The Social Democrats came top in the poll with 39.1 percent, with the Greens coming in second place after doubling its vote to 24 percent. This means they will probably maintain their ruling coalition in the city-state. However, the CDU fell into third place with only 11.2 percent of the vote. The disappointing result has come as the CDU announced they will hold an extraordinary party congress on either April 25 or May 9 to elect a new chairperson, after Mrs Merkel said she will not run again in the next federal election in October 2021.
The CDU’s candidate Marcus Weinberg said the election result on Sunday had been like Hamburg’s weather, “bad”.
And CDU Secretary General Paul Ziemiak said: “It is a bitter day for the CDU in Germany and a historically bad result in Hamburg.
“There’s no way of sugar-coating it.”
Preliminary results also showed the far-right Alternative for Germany (AfD) scraped into the Hamburg parliament, just four days after a racist gunman killed 11 people, including himself, in the western town of Hanau.
The AfD, which has capitalised on growing anger over Merkel’s open-door migrant policy, especially in the former Communist East, won 5.3 percent.
This was just over the 5 percent threshold needed to get into the state parliament, according to the preliminary results.
The CDU was thrown into chaos two weeks ago when leader Annegret Kramp-Karrenbauer unexpectedly said she would no longer seek to succeed her mentor Mrs Merkel.
Her shock move came after an eastern branch of the CDU defied the national party and voted with the AfD to bring in state leader from a third party.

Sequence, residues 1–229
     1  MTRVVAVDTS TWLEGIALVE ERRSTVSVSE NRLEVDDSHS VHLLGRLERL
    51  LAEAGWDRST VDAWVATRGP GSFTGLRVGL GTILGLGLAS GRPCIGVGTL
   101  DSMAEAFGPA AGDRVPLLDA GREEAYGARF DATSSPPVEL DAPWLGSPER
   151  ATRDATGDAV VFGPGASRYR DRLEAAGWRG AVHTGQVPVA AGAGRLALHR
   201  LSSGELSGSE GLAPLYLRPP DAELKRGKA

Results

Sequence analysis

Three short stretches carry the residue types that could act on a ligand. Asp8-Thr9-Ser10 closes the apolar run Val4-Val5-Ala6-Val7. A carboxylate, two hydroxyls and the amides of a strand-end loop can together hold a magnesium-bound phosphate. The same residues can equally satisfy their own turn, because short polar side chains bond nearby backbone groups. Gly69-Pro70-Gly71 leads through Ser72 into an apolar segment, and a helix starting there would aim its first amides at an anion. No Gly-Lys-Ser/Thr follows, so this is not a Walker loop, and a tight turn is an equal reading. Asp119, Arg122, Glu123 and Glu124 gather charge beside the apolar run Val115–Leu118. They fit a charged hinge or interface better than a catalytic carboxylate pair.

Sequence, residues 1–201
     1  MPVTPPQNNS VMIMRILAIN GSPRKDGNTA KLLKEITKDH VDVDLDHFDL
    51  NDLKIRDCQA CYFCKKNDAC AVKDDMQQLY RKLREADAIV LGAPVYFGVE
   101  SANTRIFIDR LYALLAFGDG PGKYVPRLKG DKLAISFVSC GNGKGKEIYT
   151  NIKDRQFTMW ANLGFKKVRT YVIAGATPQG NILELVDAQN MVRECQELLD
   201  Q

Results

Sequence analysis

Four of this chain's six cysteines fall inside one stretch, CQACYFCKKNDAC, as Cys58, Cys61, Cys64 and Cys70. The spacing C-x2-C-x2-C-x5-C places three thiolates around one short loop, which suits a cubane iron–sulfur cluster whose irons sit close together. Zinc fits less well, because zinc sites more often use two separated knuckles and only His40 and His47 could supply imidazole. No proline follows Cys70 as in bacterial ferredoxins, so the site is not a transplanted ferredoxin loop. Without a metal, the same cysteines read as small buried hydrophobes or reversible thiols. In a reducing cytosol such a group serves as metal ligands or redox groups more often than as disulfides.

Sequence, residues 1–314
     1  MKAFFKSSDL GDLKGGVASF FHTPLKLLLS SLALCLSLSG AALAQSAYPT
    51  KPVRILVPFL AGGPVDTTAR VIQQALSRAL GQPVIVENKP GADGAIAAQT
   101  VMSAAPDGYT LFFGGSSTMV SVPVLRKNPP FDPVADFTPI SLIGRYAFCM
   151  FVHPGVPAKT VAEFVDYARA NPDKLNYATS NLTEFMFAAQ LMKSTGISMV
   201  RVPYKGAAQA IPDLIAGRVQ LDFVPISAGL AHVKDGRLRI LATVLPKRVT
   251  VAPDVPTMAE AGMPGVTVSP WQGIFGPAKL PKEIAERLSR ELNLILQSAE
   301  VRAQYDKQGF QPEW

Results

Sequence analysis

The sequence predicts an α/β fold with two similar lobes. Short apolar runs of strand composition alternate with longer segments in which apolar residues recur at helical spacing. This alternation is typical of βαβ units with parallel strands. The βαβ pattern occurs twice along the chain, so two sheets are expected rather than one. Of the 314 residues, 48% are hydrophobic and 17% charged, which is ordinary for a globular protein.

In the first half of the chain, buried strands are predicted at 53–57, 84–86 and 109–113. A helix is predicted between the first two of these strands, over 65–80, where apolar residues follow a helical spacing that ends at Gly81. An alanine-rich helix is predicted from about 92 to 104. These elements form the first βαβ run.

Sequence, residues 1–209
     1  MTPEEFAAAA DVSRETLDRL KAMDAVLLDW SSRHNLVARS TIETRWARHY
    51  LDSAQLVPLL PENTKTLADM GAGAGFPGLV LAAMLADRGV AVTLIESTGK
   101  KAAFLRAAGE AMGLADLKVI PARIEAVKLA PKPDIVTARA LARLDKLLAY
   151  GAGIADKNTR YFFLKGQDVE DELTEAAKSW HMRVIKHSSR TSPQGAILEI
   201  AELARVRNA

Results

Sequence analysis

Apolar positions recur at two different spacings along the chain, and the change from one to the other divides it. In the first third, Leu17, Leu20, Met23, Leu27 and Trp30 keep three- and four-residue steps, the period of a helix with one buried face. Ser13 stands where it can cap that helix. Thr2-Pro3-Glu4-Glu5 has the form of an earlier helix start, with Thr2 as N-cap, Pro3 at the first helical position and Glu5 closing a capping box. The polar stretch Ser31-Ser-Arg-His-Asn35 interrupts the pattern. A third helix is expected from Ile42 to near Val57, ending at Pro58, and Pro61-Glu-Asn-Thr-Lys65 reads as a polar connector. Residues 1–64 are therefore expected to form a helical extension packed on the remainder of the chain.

This broke a post-war consensus among established parties of shunning the far-right.
There are said to be four or five candidates eying up Ms Kramp-Karrenbauer’s vacant role.
Ms Kramp-Karrenbauer will brief reporters after today’s meeting of senior CDU officials.
She is expected to set out a timetable for a decision on the party chair and possibly the candidate for chancellor.
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The n-tv broadcaster cited CDU sources as saying the party will hold an extraordinary congress either in April or May to elect a new leader.
Daniel Guenther, leader of the northern state of Schleswig-Holstein, told broadcaster SWR that the CDU should clear up the leadership question quickly and hold a party conference “well before the summer break”.
Daily newspaper Bild dubbed the Hamburg result a “debacle” for the CDU.
It added its leadership crisis has raised questions over the future course of Europe’s largest economy.
Hamburg was previously ruled with an absolute majority by CDU mayor Ole von Beust until 2008.
The party then clung to power for another three years in a coalition.
But support for the CDU in this state quickly collapsed after a series of unpopular privatisation deals and spending.
Olaf Scholz was the SPD mayor of Hamburg from 2011 to 2018.
He is now Mrs Merkel’s federal finance minister and vice chancellor.
During this weekend’s state election, the CDU struggled to find a strong lead candidate.
This came after its first choice, Aygül Özkan, became seriously ill.
Instead, they elected Mr Weinberg, 52, even though he had a low public profile.
He took the party to its lowest share of the vote at a state-level election since the 1951 ballot in Bremen, another northern city state.
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